answer the whole question, but I am en-
closing to you a book written by Mr. John
A. Russel of Detroit, Michigan, a short
history of my life. Mr. Russel sets forth
in this book all the requirements that
make up honest success. I refer you to
the book, for you can get from this book
Central Beats South
Central won its first ball game May 1
at the South field 4-3. Armstrong for Cen-
tral pitched a nohit game but was verv wild
walking nine men and hitting two others.
Potts, centerfield scooped up a clean hit
and threw the runner out at first to start
the game off
Score by Innings
I 2 3 4 5 6 7 Runs Hits Errors
Central03000O1 4 9 2
South0000012 30 1
Batteries-Central, Armstrong and Gurney.
. South, Savage and Krens.
Light Weight Basket Ball
In spite ofthe fact that the light weight
boys lost the first four games of the season,
they managed to break even with all of
The first victory at Bay City Handy
seemed to give them the necessary punches
they lacked earlier in the season. From
then on they were invincible.
R. Sparchu proved to be the Ted Petosky
of the Central team throughout the season.
Rod Buckholz in his first year at the game,
made a creditable showing as a forward.
Buck is back for next year.
Ben Ziemba played a stellar game all
year at guard, his best work coming in the
final chapters. Ben will be the nucleus of
the 1930 team in the roll of a heavyweight.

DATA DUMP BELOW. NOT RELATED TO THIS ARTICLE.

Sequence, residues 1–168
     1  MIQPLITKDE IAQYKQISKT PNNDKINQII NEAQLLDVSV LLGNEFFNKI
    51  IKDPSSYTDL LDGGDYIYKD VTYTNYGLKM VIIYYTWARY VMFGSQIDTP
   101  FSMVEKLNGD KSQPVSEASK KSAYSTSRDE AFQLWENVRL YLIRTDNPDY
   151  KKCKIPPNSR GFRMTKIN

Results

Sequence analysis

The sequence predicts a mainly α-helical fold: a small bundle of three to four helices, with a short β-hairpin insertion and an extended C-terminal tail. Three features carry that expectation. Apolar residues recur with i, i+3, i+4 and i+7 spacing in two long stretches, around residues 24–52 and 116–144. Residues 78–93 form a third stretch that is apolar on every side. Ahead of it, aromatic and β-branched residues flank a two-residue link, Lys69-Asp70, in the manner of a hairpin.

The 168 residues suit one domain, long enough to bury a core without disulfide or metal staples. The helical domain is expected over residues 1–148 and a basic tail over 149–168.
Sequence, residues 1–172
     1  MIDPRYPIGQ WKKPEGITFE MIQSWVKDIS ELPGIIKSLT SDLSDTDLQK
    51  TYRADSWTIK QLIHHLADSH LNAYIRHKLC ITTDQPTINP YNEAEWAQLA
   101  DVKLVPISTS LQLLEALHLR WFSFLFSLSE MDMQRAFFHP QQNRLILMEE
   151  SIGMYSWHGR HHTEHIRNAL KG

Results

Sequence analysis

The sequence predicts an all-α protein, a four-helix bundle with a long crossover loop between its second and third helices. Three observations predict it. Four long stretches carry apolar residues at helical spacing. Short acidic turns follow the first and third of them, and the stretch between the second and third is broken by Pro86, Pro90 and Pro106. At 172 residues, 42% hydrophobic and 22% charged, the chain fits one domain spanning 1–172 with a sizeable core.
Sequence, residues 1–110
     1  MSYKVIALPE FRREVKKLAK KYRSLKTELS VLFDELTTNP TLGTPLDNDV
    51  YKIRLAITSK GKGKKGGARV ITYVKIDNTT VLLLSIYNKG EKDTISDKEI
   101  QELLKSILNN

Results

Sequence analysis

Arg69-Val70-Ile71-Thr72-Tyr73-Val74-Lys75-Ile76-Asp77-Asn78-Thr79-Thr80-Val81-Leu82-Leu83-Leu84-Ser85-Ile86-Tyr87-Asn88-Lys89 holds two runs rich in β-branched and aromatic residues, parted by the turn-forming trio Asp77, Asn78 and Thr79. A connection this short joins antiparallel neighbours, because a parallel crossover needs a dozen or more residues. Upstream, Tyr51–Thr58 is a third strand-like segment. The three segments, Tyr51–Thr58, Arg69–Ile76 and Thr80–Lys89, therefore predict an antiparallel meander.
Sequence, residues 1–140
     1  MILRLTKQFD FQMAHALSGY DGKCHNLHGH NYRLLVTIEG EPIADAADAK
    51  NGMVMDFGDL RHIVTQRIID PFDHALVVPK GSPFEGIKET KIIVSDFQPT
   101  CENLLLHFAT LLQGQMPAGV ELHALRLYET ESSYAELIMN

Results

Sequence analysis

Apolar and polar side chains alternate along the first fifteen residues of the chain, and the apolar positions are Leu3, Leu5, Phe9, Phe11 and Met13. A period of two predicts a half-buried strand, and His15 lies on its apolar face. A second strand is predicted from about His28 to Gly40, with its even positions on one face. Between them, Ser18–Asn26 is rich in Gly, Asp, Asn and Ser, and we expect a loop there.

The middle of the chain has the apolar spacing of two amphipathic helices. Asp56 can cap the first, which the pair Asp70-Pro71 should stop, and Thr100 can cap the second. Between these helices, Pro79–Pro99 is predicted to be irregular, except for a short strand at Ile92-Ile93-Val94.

Jr. Schamkoski and Chum Milne di-
vided the time of the other gliarcl.
Norman Fry held down t e pivot posi-
tion in good shape. If he keeps up his
present interest the writer predicts he will
be all state timber before he graduates
Scores of Season's Games
more than I can enclose to you in a letter. Alumni ....,,..,..... Lights
I thank you for writing me and wishing Ilgaytglly East -----.-- Illgsms
' or ,..,. . ..... g s
you every happiness and success, I am, Suuthm- qghts
Very sincerely yours, B- C- Handy ----- LEEMB
North ................ Lights
J- W- FURDNEY Bay City Eastern .... Lights
Enermax-ly Cn:-rzgreesmsn slid First M. E. ,,-,,,--,. Lights
"""""" 0 . 9 'W' 'm St. Peters ,.,.,....... Lights
H5523 .3'iQ'2,:'::i.':3:3.E'::.. E. fn. H-may. .... game
l , a cons ........ ...... I g s
nu.i'Si'3k'Be'lRhf'fir'2t'.'l1'l.'1'E'ZS"LS".5'l2iZL'.f'i..'SLl'i.'S 233035.31 St- MWA- ----" I-'gm
"Joseph Warren Fordneyi' reeenllv printed in the Redeckor.
THE ANNUAL REFLECTOR
or 111-:cE1P'rs AND DISBURSEMENTS or CENTRAL JUNIOR HIGH sci-1001. FUND
Fon SCHOOL YEAR 1928-1929
REC El PTS
July 1. 1928
Balance . ..... ,Y... . .,........ ....... .. . .5306-40
10 Cosemlai Dye Wairks lllnnd Uniforms ....,, ... 28.55
16 Wm. linrie Dry Goods lfelt fer lettersb. ..., ... 17.50
1 Balance .. .......,.......Y . .Y-. .. --- 5250-35
2 Charles 1-.-...-1. A son., Flowers ,..,., - ,,........ s 6.110
2 Enrizht-Tonhnm Co. taxi service from Dr. Mc-
Cro.y'n umm, student . ....., .,,,. ....... . .,... . 7 5
31 Eastwood Glass Cu.. ldexk tool. --------------- 25-55
14 Balance .. ..Y.. .. ..,..... ---- ----- 5223-05
14 Pictures .. ..... . --- 30-30
17 Party Receipt.. ... ... 20.85